Last week, an important author came into the office, and I kind of hid. Not that I ran away from my desk or anything—I just stayed in my seat instead of seeking her out, and left at my usual time instead of waiting around to snag a greeting.
True, there was no real need for me to meet her. Our correspondence to this point consisted of me passing on the details for her car service to a reading, her informing me that the venue had changed, and me arranging and passing on new details.
But she’s seen me cc’d on emails. And apparently my supervisor has relayed some of my thoughts on her manuscripts or said my name enough times or something that made the author decide to include it in her book’s acknowledgments. So probably it would have been courteous for me to have introduced myself and told her how much I (really do) admire her work.
The idea of authorship has always seemed somewhat nebulous to me. When I was younger, I read every Babysitters Club book I could get my hands on, and I did recognize the author’s name on each cover. But I never imagined Ann M. Martin doing anything except producing those books. I learned better after I entered the world of publishing—I learned she was, in fact, a real person; met lots of people who were friends with her; and even saw her in the office once. (Also I learned many of the BSC books were ghost-written. Surprisingly, that discovery made me a little sad. Ah, disillusionment.)
Even the fan mail we receive from young readers seems odd—I’ve never been interested in meeting or corresponding with the writers of books I love. J.K. Rowling was possibly the first author I acknowledged as a real person, probably because her Cinderella story was so widely publicized. But authors like Robin McKinley, whose gorgeous fantasy novels I’ve been reading since middle school and whose newest I pre-ordered and who, I’ve discovered, blogs regularly about her non-writing activities like playing carillon bells—you know what? I just want to read her books.
I suspect this is sort of selfish. Like I’m not letting authors exist outside their body of work, not interested in finding out what they like or giving them space to share who they are.* I’m relegating Robin McKinley to what I want to know about her—the worlds and characters she builds in her novels. Because whether it’s for better or for worse, the experience of interaction would change how I think about her.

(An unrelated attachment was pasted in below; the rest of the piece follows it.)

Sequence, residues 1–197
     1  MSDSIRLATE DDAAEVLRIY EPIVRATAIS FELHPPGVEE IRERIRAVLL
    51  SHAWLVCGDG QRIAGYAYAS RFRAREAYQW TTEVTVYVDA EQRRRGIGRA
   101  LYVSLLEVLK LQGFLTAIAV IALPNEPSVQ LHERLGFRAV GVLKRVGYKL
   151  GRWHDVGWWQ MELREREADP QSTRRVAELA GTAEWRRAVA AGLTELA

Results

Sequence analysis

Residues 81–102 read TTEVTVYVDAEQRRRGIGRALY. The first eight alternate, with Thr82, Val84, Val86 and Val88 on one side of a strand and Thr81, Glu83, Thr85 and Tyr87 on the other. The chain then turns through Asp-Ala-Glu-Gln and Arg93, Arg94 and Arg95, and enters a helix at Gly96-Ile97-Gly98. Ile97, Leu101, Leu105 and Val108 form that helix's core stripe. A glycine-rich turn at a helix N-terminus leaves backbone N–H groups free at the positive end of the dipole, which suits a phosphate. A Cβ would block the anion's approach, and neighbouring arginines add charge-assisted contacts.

When I studied in England, I met Philip Pullman; he was working the register at an OxFam bookshop for a charity event. He signed and then sold me a copy of The Subtle Knife. But every time I look at his signature, or at the photo my friend took of the two of us trying to chat, all I can think of is how strange it was.
I’m trying to think what to compare this to, and I’m coming up short. Maybe it’s similar to actors. We want to know all the little details about their lives, where they get their coffee, what they wear to yoga class. But the sweaty post-yoga actor isn’t necessarily intending to share that image of herself with the world.
Writers who blog, or who go on book tours, or who work registers at bookstores, are sharing that side of themselves with the world.
I’m not sure what to do about this phobia. It’s true that I have had at least a couple of experiences where the breaking of that wall has been good. For instance, I now have regular phone conversations with the author of a book I loved in ninth grade. We talk about her chickens and her grandson, and it’s very sweet. And at the last Festival of Faith and Writing, I spontaneously went to a poetry reading where Susanna Childress, whose name I didn’t know before, made me cry with one of her poems. I bought her book. I know I wouldn’t have picked it up otherwise.
But I just don’t want to meet Robin McKinley. I want to protect the impression I have in my head. I want to keep adoring her books in and of themselves. As I haven’t yet had the chance to hide from her, this isn’t an issue I must resolve within myself at this moment.
But the authors I work with? Regardless of how intimidated I am, I can at least give them the chance to match a face to my name.
*I am speaking purely from the standpoint of a reader, not addressing the fact that literary analysis mostly involves examining the text as it stands rather than assigning authorial intent.
After graduating with an English degree, Amy (Allen) Frieson (’10) moved to New York City and spent several exhilarating years working in children’s book publishing. Now, she works as a career consultant and has much more time for writing, reading, wandering the city, cooking non-vegetarian meals (a new thing), dreaming about apartment renovations, and leading worship along with her husband at their NYC CRC.